Military alliance

Canberra mocked and threatened by Chinese propaganda, about the “Asian NATO” alliance

A Chinese newspaper belittled Australia and Japan as “American tools” in what is becoming an increasingly conflictual Indo-Pacific theater.

“It is inevitable that China will take countermeasures,” he added. World time wrote, in a shocking op-ed on Australia’s closer alliance with Beijing’s oldest enemy.

Chinese navy ships participate in an exercise in the waters off Zhoushan, east China’s Zhejiang province. (PA / PAA)

The English language World time is a nationalist and pro-military propaganda medium, targeting a Western audience.

World time warned Australia would “pay a price” if it continued to move towards an Asia-NATO alliance with the United States, Japan and India.

“When the military confrontation in the region intensifies, as far as all countries in the region are concerned, China must have the greatest endurance,” the newspaper predicted.

“Countries like Japan and Australia have been used as American tools,” he said.

Scott Morrison and Yoshihide Suga
Australian Prime Minister Scott Morrison, left, and Japanese Prime Minister Yoshihide Suga shake hands before the official welcoming ceremony at Suga’s official residence in Tokyo on November 17, 2020. (PA)

“It’s fair to say that Japan and Australia have set a bad example in interpreting their biggest trading partner, China, as a ‘security threat’, acting at the behest of the United States.”

Mr. Morrison held talks with Japanese Prime Minister Yoshihide Suga in Tokyo, where Chinese expansionism, defense, trade and a coronavirus travel bubble are the order of the day.

World time insisted that China was interested in “peaceful development” in the Indo-Pacific, saying, “The United States, Japan and Australia are forcing China to explore deeper military cooperation with other countries. others.

Satellite image of Woody Island in the Paracel Island chain in the South China Sea taken in November 2017, shows two Chinese Y-8 military transport aircraft.  The Washington-based Asia Maritime Transparency Initiative says China has undertaken new military aircraft deployments to the island in recent weeks.  On other outposts in the disputed South China Sea carried out major construction work in 2017.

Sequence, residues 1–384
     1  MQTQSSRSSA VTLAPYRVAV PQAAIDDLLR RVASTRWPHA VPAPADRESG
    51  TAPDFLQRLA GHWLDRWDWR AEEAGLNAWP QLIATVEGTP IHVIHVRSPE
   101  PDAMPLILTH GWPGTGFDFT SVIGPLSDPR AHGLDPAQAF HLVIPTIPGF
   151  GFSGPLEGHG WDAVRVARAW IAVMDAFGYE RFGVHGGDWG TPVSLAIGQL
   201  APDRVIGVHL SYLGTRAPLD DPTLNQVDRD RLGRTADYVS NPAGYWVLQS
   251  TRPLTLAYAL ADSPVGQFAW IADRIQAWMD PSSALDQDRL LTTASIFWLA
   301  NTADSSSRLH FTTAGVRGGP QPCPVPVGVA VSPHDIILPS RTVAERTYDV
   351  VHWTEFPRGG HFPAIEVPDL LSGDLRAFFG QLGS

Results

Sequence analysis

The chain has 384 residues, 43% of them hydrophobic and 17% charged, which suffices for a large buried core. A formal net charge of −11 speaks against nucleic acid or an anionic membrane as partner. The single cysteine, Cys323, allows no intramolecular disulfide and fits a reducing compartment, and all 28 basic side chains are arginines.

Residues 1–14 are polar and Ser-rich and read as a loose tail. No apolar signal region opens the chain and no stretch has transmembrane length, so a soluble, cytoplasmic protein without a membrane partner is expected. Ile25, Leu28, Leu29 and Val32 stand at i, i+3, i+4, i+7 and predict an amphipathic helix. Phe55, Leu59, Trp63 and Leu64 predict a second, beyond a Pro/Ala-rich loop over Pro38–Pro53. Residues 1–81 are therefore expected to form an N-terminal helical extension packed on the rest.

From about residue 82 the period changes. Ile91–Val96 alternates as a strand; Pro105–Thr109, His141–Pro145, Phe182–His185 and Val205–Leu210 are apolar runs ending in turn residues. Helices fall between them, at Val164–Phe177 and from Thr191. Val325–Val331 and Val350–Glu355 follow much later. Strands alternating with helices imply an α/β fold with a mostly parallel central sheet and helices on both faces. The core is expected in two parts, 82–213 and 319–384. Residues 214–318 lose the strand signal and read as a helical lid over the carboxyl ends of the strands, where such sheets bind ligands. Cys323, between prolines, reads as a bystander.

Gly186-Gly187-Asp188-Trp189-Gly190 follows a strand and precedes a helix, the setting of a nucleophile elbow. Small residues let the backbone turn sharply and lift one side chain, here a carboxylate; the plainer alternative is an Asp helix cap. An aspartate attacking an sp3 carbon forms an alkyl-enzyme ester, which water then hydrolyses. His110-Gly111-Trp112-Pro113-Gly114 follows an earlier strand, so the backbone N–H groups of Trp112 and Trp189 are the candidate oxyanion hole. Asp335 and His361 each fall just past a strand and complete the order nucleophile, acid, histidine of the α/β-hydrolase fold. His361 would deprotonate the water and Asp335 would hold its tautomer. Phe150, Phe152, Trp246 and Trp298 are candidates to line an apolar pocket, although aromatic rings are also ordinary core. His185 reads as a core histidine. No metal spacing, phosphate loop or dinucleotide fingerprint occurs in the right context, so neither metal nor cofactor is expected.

Satellite image of Woody Island in the Paracel Island chain in the South China Sea taken in November 2017, shows two Chinese Y-8 military transport aircraft. The Washington-based Asia Maritime Transparency Initiative says China has undertaken new military aircraft deployments to the island in recent weeks. On other outposts in the disputed South China Sea carried out major construction work in 2017. (PAA)

Canberra’s relations with Beijing are at an all-time low, with China showing market power to ban Australian imports of coal, beef, wine, timber, grain and lobster.

Beijing’s construction of islands in the South China Sea and its declaration of an air defense zone in the waters of the East China Sea have destabilized the United States and alarmed regional neighbors such as Japan.

China is slowly consolidating its military presence on seven man-made islands in the South China Sea, building defense systems and increasing its radar capabilities.

An aerial photograph of a man-made island built by China in the South China Sea.
An aerial photograph of a man-made island built by China in the South China Sea. (Provided)
The Chinese guided-missile frigate Yuncheng launches an anti-ship missile during a military exercise in the waters near the island of Hainan and the Paracel Islands (southern China).
The Chinese guided-missile frigate Yuncheng launches an anti-ship missile during a military exercise in the waters near the island of Hainan and the Paracel Islands (southern China). (PA)

Still to be officially signed, the reciprocal access agreement would allow troops to travel to other countries’ countries to train and conduct joint operations.

It would also strengthen their interoperability and cooperation.

The agreement is the first of its kind for Japan since its 1960 status of forces agreement with the United States, which sets the basic conditions for approximately 50,000 American troops to operate in and around Japan in the framework of the Japanese-American security pact.


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